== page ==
Animals selected for high cortisol responsiveness have reduced melanocortin signalling and increased propensity to obesity — ASN Events

Animals selected for high cortisol responsiveness have reduced melanocortin signalling and increased propensity to obesity (#122)

Sakda D Hewagalamulage 1 , Iain J Clarke 1 , Belinda A Henry 1
  1. Department of Physiology, Monash University, Building 13F, Vic 3800, Australia

In humans, higher cortisol responsiveness during stress is associated with increased food intake. We have identified female sheep that have either high (HR) or low (LR) cortisol responses to Synacthen (adrenocorticotropin: ACTH). When placed on a high energy diet, HR have a greater increase in adiposity than LR, which is not due to different food intake but is associated with a difference in muscle thermogenesis.1  Hypothalamic appetite-regulating peptides (ARP) exert reciprocal effects on food intake and energy expenditure/ thermogenesis. The aim of this study was to characterise differences in expression and function of ARP in HR and LR ewes. Gene expression for neuropeptide Y (NPY), proopiomelanocortin (POMC), melanin-concentrating hormone (MCH), orexin, MC3R and MC4R was measured by in situ hybridisation (n= 4/group). The expression of ARP genes was similar in HR and LR, but LR showed higher expression of MC3R (P<0.05) and MC4R (P=0.0003). Intracerebroventricular (icv) infusions of a low dose (50µg/h) of NPY, α-melanocyte stimulating hormone (αMSH), orexin and MCH were performed between 1000-1600h in LR and HR ewes (n= 6-7/group) that  were meal-fed (1100-1600h) to entrain a post-prandial thermogenesis. Skeletal muscle and retroperitoneal (RP) fat temperatures were recorded using dataloggers. In muscle, LR animals showed greater (P<0.05) thermogenesis than HR in response to feeding. The temperature response to MCH infusion was lower in LR than in HR, with no effect of NPY, αMSH or orexin infusion. RP fat temperatures in HR and LR were unaffected by ARP infusions. NPY, MCH and orexin did not stimulate food intake in meal-fed HR or LR.αMSH infusion reduced food intake (P<0.01) in the LR group only. With 24h infusions, NPY increased (P<0.001) food intake in both groups but αMSH was only effective in LR (P<0.05). We conclude that increased propensity to obesity in HR may be due to reduced melanocortin signalling2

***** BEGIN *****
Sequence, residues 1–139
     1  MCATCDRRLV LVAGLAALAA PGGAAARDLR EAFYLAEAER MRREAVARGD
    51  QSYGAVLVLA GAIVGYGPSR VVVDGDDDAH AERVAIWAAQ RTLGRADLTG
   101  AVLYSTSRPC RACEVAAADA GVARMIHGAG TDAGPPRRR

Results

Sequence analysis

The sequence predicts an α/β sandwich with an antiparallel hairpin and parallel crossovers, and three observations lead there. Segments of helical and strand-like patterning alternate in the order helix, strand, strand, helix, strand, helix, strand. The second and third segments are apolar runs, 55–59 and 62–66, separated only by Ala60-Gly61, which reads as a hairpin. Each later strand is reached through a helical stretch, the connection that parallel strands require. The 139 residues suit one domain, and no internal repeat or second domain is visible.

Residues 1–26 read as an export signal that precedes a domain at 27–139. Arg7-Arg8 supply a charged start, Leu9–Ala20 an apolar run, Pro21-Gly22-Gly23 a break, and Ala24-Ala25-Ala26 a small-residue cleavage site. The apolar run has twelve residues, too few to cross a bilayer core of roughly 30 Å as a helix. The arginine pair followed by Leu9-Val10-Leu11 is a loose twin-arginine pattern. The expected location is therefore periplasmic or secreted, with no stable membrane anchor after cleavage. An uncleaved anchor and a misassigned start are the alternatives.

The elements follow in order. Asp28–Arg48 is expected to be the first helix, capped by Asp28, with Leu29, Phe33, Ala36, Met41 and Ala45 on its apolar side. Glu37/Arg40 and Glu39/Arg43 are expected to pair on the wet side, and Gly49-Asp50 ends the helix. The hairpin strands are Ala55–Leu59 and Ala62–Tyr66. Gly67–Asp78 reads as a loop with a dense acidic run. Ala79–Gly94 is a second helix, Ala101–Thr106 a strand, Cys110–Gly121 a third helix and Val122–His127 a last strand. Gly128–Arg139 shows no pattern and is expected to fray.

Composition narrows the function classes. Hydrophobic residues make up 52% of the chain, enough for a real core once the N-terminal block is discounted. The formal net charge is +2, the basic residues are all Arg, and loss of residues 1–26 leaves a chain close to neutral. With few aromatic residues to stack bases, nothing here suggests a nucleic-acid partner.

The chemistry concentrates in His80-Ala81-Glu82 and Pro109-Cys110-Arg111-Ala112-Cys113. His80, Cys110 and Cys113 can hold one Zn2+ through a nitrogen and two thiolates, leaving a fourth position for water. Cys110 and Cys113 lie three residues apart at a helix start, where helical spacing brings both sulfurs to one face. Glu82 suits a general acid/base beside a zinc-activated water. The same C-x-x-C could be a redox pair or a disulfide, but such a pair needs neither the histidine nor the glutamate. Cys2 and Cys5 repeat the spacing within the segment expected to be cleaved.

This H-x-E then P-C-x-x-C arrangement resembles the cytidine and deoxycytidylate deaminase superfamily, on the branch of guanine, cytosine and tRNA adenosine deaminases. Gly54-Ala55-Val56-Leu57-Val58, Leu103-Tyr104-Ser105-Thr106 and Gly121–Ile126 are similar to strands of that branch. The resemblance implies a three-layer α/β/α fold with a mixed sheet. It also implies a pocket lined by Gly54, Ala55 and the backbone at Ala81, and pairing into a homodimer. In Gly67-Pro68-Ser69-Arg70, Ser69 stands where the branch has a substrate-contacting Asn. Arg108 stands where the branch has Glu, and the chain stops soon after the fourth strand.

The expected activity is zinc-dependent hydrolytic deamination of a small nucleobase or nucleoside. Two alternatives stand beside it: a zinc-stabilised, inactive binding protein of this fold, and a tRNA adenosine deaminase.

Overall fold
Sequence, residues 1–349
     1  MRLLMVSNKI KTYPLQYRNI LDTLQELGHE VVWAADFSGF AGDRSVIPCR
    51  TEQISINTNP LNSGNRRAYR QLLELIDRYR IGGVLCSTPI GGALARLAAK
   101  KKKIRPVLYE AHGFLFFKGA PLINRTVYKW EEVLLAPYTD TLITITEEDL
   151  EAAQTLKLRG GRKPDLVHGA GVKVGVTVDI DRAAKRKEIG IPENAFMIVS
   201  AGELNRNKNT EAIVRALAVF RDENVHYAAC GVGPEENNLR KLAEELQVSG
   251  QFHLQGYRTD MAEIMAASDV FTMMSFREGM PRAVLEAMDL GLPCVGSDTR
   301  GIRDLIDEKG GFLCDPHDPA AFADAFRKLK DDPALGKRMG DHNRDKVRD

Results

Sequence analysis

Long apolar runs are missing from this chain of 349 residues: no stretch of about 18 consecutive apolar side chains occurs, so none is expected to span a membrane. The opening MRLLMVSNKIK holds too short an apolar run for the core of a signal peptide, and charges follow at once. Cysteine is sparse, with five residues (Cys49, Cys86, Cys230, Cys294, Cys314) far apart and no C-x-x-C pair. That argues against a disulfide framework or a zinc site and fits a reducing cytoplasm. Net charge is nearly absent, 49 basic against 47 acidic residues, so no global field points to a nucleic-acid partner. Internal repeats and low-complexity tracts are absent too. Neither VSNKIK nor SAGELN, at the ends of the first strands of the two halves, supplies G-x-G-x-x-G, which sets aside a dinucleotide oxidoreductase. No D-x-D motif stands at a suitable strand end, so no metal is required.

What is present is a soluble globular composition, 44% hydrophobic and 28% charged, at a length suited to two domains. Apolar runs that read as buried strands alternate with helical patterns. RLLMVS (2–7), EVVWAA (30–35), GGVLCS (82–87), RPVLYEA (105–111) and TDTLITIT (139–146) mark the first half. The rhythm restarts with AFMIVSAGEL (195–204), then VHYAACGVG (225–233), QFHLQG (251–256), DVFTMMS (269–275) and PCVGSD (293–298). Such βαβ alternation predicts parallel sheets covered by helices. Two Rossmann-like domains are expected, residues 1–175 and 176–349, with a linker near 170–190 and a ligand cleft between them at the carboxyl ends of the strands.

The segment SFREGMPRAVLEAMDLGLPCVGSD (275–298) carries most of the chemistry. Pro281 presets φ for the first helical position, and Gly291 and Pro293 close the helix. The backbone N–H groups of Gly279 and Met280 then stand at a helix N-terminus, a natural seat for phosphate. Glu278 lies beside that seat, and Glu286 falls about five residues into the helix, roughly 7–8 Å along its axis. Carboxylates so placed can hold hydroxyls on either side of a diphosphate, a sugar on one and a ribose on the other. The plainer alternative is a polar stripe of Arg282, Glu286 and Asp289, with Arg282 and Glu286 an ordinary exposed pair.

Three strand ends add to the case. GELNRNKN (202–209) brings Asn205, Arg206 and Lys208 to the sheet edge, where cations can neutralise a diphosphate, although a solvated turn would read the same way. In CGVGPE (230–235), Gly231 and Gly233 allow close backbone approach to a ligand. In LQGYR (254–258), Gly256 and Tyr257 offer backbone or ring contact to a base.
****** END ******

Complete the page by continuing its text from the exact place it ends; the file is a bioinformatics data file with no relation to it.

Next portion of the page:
1. Belinda A. Henry and Iain J. Clarke Characterizing the cellular mechanisms of post-prandial thermogenesis in skeletal muscle. JAM 2012: ASN-ADSA-ASAS Joint Symposium, Phoenix Arizona.
  2. Hewagalamulage, S.D., I.J. Clarke and B.A. Henry, Stress responsiveness predicts propensity to obesity in animals with altered melanocortin signalling. Endocrine Reviews, 2013. 34 (03_Meeting Abstracts): P. MON-664.